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I have installed the Varnish cache with my Apache web server and configured them correctly. It works OK and I can now access my web pages though Varnish Cache.

The default behavior of varnish is to store copies of the pages served by the web server. The next time the same page is requested, Varnish will serve the copy instead of requesting the page from the Apache server.

And now comes my question: Is it possible to cache my entire website initially after setting up the Varnish cache, without the need to have a page to be accessed then store it on the cache? This is because, after varnish has been setup, the cache is initially empty, and it will require a page to be accessed in order to be available on the cache. Can this be done without having to access each page manually?

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What you are looking for is a way of warming up the cache. You could use varnishreplay or a Web crawler, such as Wget or HTTrack to go through your site. Alternatively if you have a sitemap of your pages you could use that as a starting point and warm up the cache by looping over it and issuing requests on the pages using e.g. curl or wget.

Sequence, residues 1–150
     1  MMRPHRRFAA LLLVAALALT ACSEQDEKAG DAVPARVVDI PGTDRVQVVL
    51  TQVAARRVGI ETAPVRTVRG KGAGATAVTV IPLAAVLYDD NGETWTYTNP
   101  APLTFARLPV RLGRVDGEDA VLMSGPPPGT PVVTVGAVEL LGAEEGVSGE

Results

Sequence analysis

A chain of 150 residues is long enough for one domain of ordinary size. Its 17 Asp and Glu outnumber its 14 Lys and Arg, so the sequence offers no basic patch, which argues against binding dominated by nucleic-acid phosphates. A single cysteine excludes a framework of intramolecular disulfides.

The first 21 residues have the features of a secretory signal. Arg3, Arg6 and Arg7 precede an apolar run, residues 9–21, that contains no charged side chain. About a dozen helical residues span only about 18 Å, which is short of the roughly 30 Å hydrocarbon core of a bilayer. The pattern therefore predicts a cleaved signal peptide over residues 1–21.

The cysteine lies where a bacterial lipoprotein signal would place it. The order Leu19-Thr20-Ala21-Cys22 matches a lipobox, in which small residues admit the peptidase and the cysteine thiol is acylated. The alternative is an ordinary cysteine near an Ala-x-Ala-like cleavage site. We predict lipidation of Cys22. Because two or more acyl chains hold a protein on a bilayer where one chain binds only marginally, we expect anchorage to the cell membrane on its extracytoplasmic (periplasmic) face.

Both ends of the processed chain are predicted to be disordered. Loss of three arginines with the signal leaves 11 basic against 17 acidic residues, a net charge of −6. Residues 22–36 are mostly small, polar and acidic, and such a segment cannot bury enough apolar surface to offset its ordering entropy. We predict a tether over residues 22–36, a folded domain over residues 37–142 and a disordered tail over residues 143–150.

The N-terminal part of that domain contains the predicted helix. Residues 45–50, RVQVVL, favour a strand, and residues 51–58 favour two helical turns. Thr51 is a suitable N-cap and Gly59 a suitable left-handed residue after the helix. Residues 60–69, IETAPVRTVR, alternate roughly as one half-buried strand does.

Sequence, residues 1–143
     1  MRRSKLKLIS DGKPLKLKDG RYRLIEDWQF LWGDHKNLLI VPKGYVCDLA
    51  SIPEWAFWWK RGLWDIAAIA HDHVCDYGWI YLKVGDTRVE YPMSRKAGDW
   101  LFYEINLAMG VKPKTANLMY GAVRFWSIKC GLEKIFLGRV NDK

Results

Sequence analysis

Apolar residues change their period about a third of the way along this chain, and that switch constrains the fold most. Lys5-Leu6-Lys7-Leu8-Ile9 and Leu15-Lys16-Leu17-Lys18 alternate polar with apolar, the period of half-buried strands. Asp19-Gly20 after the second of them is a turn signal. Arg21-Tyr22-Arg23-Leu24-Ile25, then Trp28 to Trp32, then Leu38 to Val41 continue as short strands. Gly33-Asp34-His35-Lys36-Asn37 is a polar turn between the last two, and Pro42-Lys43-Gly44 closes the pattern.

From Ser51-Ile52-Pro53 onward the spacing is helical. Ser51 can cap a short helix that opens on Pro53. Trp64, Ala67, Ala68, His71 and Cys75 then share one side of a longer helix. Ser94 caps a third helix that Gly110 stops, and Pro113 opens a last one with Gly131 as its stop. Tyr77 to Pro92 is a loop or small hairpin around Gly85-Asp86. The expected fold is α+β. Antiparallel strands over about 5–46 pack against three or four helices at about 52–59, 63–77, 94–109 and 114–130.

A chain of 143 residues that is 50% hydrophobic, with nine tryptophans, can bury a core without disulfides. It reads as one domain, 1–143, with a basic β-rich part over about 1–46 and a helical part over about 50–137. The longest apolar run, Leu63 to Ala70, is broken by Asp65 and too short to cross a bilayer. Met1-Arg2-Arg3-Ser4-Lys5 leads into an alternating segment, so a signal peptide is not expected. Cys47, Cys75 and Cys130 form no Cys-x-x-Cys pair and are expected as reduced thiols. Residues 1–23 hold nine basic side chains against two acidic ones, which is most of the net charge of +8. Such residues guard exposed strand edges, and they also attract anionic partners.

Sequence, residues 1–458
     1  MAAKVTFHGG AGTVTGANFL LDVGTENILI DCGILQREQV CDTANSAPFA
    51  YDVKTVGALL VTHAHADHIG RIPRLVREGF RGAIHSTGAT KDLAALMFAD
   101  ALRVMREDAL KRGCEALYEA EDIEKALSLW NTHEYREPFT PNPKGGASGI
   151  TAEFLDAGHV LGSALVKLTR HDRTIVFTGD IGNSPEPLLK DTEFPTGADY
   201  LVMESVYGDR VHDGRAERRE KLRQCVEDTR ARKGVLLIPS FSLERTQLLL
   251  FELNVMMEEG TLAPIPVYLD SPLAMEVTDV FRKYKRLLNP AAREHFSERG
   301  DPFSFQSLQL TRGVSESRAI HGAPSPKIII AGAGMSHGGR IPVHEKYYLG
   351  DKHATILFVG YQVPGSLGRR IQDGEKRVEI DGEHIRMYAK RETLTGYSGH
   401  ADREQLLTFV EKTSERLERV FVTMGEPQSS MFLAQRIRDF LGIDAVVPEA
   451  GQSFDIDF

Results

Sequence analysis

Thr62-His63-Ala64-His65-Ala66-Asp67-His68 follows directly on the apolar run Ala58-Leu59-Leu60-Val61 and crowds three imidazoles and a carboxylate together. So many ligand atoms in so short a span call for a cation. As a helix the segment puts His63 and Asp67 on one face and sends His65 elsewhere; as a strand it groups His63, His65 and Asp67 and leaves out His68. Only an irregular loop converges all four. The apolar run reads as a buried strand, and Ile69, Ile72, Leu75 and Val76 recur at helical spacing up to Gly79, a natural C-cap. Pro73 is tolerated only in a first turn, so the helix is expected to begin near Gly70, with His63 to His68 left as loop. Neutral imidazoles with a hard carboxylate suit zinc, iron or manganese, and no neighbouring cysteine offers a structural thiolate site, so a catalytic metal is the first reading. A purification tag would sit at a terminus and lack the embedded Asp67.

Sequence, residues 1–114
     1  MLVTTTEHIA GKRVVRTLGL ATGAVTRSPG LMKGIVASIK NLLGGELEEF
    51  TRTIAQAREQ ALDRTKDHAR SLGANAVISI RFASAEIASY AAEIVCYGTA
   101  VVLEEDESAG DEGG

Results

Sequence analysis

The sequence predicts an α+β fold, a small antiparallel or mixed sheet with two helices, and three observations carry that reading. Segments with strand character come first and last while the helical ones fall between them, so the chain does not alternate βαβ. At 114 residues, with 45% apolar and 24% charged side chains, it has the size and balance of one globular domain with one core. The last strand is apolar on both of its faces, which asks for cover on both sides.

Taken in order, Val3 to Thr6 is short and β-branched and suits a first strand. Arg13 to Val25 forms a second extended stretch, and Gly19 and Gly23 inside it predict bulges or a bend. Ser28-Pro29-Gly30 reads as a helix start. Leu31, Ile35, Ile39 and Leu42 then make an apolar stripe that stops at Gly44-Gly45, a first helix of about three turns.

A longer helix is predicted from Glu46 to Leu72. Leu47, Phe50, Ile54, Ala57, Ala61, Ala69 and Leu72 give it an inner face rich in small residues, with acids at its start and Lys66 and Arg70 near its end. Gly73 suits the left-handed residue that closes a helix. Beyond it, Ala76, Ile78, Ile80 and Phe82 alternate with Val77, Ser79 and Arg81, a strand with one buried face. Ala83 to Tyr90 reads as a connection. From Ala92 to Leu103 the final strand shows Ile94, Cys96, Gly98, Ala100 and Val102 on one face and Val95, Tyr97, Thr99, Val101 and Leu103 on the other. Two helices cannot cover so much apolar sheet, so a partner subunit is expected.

Using varnishreplay requires you to first run varnishlog and gather a log of traffic before you can use it later for playing back the traffic and warming up the cache.

Wget, HTTrack etc. can be pointed to your home page and they will crawl their way through your site. Depending on the size and nature of your site this might not be practical though (for example if you use Ajax extensively).

Unless your pages take a very long time to load from the backend server (i.e. Apache), I wouldn't worry too much about warming up the cache. If the TTL for the cached content is high enough most of the visitors will only ever receive cached content anyway.

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